Last week, 115 House Democrats sent a letter to Secretary Cardona imploring ED to replace the Trump administration’s final Title IX rule, arguing the regulations are contrary to the “letter and spirit” of Title IX, strip protections for survivors, and overburden schools already struggling with the COVID-19 pandemic. The letter also urges the Secretary to issue interim guidance clarifying earlier guidance on Title IX protections against sexual harassment in schools as well as issues that have emerged during the pandemic, including accommodations for online and off-campus harassment.

As the Trump administration action went through the rulemaking process, our expectation is efforts to substantively modify/repeal the final Title IX rule will similarly need to go through rulemaking as prescribed by the Administrative Procedures Act.

National Security Commission on Artificial Intelligence Releases Final Report
On March 2, the National Security Commission on Artificial Intelligence released its final report to Congress and President Biden. The report makes recommendations to “advance the development of artificial intelligence, machine learning, and associated technologies to comprehensively address the national security and defense needs of the United States.” Of interest to APLU institutions, recommendations address research funding, immigration reforms, intellectual property and security regulations, and more.

ED Releases CRRSAA MSI Funding Allocation Tables
ED released allocation tables of funding for Minority-Serving Institutions (MSIs), including Predominantly Black Institutions (PBIs), Alaska Native and Native Hawaiian-Serving Institutions (ANNHs), Asian American and Native American Pacific Islander-Serving Institutions (AANAPISIs), Native American-Serving Nontribal Institutions (NASNTIs), Developing Hispanic-Serving Institutions (DHSIs), and Promoting Postbaccalaureate Opportunities for Hispanic Americans (PPOHAs) from the COVID relief legislation passed in December, the Coronavirus Response and Relief Supplemental Appropriations Act (CRRSAA) The announcement also included allocations for institutions eligible for funds through the Strengthening Institutions Program (SIP). Allocations for Historically Black Colleges and Universities (HBCUs) are available here.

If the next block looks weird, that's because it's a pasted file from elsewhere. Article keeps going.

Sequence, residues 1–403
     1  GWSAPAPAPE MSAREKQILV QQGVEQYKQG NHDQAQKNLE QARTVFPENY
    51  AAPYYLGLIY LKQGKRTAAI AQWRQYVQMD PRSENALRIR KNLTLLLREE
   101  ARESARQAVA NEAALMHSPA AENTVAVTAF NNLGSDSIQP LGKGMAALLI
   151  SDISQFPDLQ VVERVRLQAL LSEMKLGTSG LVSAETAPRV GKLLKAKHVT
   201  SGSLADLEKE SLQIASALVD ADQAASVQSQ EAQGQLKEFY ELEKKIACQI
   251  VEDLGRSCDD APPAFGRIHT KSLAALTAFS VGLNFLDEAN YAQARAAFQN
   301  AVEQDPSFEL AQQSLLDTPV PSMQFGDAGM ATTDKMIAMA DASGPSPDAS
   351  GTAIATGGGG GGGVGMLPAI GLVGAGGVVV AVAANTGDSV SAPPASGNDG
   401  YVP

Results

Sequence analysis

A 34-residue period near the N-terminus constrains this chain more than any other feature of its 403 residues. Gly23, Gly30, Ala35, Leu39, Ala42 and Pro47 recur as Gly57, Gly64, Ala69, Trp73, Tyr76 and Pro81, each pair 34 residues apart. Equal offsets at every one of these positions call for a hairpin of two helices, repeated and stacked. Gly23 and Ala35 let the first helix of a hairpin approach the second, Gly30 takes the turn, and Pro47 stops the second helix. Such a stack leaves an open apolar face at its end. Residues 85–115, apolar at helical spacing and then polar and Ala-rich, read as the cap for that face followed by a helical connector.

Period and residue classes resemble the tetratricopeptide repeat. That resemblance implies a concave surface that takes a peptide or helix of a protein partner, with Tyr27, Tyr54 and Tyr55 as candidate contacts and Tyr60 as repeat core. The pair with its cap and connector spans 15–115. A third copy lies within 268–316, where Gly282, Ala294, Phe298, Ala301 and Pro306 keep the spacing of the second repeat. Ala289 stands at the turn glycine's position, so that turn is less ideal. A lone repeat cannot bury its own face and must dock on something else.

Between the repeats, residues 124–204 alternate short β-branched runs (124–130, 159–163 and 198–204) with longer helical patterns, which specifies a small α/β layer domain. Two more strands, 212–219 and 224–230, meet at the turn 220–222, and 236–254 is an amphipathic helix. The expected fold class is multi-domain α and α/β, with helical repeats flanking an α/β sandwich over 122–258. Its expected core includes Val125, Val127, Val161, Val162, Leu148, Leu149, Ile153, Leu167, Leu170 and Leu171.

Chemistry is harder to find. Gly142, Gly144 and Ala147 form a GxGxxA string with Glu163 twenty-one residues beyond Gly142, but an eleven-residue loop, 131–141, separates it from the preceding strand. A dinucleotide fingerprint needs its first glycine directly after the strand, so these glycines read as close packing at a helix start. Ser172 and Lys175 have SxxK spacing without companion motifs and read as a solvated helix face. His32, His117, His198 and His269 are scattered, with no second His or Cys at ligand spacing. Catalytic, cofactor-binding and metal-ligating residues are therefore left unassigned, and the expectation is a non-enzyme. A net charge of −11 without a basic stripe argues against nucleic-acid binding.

Higher Ed Community Urges Quick Passage of Dream Act
On February 22, APLU joined higher education community partners on a letter to Senate Majority Leader Chuck Schumer (D-NY) and Minority Leader Mitch McConnell (R-KY) endorsing S.264, the Dream Act of 2021, and urging swift passage of the bill. Reintroduced earlier this month by Senators Dick Durbin (D-IL) and Lindsey Graham (R-SC), the Dream Act would allow some undocumented students who meet certain criteria to earn lawful permanent residence in the United States and provides a path to citizenship.


 
  • Council on Governmental Affairs